• Return to your fluorescence ratios, and further normalize this data by calculating the fraction of folded protein Xf at each urea concentration. This will essentially spread the data between 1 (fully folded, which corresponds to the points near 0M urea) and 0 (fully unfolded, which corresponds to the points at very high urea concentrations).
  • Calculate Xf for each data point, using the experimental emission ratio at each urea concentration. Do this calculation separately for wt and mutant, as they probably have different top and bottom values.

Xf = (Experimental fluorescence ratio – Bottom) / (Top – Bottom)

  • Plot Xf against urea concentration, including both wt and mutant on the same graph.

Sample data:

Large Excel screenshot containing wild type data: 324/340 and Xf

Sample Xf plot
This is an important place to pause and take a thoughtful look at your data. Do your curves have the expected shape? Are they spread between 1 and 0? Imagine a protein that is completely unstable – what would the Xf plot look like for such a protein? Do you see evidence of that in your own plot? Below are two example plots that contain problematic data. Look out for similar problems in your own data.


  • The next step is to determine the ΔGunfolding from the fraction folded (Xf) at each urea concentration, using the following equations:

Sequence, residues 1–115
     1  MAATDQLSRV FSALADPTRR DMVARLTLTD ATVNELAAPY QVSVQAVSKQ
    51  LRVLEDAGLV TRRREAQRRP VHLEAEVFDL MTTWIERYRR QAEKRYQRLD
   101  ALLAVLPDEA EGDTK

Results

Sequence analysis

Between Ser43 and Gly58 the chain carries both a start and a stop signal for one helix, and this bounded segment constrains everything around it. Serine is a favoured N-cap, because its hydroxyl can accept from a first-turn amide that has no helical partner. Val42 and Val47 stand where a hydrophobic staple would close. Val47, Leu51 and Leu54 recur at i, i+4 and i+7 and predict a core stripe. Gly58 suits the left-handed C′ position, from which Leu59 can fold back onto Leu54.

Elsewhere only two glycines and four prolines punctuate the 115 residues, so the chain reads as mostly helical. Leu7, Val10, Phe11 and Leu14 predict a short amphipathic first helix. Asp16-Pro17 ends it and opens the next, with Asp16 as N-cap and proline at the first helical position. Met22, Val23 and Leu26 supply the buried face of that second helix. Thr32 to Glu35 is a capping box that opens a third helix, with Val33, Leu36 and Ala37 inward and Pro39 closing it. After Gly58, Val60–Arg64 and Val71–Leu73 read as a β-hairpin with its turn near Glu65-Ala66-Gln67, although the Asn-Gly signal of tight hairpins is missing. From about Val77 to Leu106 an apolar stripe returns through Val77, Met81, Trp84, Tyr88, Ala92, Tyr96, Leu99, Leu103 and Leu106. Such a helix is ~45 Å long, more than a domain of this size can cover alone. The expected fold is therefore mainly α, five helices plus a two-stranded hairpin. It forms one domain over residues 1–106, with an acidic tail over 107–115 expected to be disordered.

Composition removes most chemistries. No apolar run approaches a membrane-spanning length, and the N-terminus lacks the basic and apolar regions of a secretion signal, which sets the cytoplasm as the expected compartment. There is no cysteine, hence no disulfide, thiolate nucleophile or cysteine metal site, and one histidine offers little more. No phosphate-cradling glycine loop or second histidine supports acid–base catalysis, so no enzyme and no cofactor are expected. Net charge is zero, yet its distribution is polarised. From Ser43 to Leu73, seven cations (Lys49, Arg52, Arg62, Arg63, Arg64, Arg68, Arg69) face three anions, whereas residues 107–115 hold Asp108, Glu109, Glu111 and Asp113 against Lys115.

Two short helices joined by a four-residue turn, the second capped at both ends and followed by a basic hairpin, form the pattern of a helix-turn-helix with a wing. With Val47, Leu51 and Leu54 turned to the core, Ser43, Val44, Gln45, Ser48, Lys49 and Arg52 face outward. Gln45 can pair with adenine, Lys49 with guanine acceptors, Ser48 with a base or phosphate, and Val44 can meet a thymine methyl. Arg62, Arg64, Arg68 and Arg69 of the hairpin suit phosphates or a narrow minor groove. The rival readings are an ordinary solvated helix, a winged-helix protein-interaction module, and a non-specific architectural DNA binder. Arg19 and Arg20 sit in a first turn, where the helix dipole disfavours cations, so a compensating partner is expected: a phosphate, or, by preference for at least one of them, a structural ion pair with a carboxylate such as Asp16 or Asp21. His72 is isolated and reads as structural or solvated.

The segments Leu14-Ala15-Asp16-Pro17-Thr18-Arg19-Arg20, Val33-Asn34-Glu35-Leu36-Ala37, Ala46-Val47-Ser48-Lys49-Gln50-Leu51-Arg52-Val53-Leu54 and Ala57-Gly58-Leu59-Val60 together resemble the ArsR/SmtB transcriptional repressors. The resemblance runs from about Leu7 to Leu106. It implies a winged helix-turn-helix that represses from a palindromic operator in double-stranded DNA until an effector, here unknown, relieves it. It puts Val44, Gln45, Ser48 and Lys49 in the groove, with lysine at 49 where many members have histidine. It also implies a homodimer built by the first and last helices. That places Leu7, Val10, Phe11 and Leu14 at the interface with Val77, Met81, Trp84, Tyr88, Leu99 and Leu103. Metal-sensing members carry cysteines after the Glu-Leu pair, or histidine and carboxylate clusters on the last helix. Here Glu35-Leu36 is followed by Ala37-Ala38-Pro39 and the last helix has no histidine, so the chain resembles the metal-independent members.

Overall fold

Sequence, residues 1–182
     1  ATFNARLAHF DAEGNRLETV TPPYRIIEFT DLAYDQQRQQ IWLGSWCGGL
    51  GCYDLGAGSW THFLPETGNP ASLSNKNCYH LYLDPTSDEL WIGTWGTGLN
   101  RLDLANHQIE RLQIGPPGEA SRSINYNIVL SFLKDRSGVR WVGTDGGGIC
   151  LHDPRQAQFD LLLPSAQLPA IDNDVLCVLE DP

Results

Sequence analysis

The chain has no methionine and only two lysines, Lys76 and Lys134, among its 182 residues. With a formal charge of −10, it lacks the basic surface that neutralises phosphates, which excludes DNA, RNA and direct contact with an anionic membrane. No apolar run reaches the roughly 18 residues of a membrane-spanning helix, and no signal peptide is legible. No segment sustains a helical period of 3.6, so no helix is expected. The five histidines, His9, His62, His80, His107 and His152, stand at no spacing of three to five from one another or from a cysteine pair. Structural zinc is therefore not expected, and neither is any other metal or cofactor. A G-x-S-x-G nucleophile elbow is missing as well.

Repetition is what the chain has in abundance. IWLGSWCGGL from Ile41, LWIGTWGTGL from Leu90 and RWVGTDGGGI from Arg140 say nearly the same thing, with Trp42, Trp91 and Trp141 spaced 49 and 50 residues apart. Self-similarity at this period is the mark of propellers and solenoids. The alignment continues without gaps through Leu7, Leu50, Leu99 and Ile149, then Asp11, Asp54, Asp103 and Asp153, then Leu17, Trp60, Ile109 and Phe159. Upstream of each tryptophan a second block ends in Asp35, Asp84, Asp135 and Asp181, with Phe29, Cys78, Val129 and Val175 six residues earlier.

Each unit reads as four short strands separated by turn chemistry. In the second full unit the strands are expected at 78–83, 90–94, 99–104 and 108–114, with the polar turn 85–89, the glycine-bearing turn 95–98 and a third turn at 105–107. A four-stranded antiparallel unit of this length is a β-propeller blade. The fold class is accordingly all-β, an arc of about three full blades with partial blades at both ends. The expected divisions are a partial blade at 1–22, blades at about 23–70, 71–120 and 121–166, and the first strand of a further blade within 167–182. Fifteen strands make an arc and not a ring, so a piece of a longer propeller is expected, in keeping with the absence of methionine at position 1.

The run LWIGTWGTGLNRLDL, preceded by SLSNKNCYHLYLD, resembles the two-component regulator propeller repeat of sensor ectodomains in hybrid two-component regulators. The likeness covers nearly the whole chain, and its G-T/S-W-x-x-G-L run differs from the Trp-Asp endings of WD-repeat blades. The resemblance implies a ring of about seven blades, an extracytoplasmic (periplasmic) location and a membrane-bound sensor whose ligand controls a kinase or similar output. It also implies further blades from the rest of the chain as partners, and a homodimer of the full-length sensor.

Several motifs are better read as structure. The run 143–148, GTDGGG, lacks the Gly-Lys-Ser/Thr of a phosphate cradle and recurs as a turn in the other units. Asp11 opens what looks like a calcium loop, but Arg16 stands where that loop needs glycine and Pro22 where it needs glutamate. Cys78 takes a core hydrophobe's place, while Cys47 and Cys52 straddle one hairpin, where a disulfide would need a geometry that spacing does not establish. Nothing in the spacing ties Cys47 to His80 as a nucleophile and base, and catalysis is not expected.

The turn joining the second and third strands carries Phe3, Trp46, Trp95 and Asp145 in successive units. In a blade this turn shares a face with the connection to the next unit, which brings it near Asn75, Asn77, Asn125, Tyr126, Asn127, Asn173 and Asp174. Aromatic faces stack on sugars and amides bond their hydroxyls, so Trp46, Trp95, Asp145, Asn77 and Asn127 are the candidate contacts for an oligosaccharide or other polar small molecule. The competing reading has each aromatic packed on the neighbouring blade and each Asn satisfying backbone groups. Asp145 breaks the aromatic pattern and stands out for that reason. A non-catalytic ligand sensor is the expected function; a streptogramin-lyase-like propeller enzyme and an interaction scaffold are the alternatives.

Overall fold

Keq = (Xf)-1 – 1

ΔGunfolding = RT ln(Keq)

            Use RT values to give units of kcal/mol. Omit any data points where Keq<0.

  • Create a plot of the ΔGunfolding vs [urea]. Notice that increasing the urea concentration favors unfolding (reduction in ΔGunfolding) and that ΔGunfolding becomes zero and eventually negative, as shown below.

Plot of deltaG versus urea concentration. Text boxes point out key features: at low urea concentration, deltaG is positive, and the protein favors folding. At high urea concentrations, deltaG is negative and the protein favors unfolding.

There are more important questions to ask yourself here! Is your curve linear in the expected region? Based on your plot, what urea concentration is the apparent CM? Does this match the value Prism determined?
  • With an ideal data set, you would be able to fit the linear region of this plot, and the y-intercept of that fit line would match the ΔGunfolding value from the Prism fit. However, in practice, large amounts of error where Xf is either small or large make this sort of fit unreliable.


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Biochemistry 551 (Online Version) Lab Manual Copyright © by Lynne PROST is licensed under a Creative Commons Attribution 4.0 International License, except where otherwise noted.